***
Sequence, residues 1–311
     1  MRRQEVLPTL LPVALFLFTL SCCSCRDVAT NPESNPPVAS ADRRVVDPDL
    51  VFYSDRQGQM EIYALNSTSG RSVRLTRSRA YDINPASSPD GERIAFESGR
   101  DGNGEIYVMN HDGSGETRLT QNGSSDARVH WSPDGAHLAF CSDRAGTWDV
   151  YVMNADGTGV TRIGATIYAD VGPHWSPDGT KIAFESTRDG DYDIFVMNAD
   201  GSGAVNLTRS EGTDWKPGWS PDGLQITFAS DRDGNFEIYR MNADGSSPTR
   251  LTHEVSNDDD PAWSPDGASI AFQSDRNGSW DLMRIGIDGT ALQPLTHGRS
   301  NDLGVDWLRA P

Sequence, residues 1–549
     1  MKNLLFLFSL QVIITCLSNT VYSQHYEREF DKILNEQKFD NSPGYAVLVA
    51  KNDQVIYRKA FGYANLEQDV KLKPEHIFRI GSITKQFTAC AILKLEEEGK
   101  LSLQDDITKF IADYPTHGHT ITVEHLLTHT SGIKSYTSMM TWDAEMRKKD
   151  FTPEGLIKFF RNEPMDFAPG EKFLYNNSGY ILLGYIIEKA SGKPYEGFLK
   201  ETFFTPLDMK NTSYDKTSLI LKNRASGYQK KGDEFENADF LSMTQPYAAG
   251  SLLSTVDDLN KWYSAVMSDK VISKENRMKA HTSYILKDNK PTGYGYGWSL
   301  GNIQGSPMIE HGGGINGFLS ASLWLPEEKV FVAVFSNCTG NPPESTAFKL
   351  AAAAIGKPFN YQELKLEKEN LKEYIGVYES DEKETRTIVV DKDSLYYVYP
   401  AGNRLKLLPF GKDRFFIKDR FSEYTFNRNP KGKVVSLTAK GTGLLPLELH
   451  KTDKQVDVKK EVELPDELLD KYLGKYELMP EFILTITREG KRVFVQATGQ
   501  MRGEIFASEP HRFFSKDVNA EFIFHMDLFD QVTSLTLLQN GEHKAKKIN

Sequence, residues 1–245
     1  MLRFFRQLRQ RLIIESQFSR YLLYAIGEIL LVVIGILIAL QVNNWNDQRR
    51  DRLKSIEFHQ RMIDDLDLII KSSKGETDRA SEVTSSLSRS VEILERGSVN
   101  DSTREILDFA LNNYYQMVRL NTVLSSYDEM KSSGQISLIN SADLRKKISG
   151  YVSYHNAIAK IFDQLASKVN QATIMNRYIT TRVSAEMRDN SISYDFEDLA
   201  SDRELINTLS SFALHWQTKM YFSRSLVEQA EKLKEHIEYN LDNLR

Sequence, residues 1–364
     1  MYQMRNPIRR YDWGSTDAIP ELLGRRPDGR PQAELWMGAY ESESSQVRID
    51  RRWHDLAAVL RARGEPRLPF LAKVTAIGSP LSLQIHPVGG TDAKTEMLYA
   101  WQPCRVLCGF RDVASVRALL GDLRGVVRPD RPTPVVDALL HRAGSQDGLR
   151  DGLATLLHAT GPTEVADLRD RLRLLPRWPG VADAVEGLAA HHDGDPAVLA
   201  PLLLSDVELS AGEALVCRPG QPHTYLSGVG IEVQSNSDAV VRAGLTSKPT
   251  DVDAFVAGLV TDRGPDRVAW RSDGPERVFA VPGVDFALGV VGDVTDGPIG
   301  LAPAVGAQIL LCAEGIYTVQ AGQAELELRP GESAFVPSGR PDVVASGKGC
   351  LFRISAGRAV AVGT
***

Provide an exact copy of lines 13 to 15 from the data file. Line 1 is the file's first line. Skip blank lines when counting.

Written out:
   151  FTPEGLIKFF RNEPMDFAPG EKFLYNNSGY ILLGYIIEKA SGKPYEGFLK
   201  ETFFTPLDMK NTSYDKTSLI LKNRASGYQK KGDEFENADF LSMTQPYAAG
   251  SLLSTVDDLN KWYSAVMSDK VISKENRMKA HTSYILKDNK PTGYGYGWSL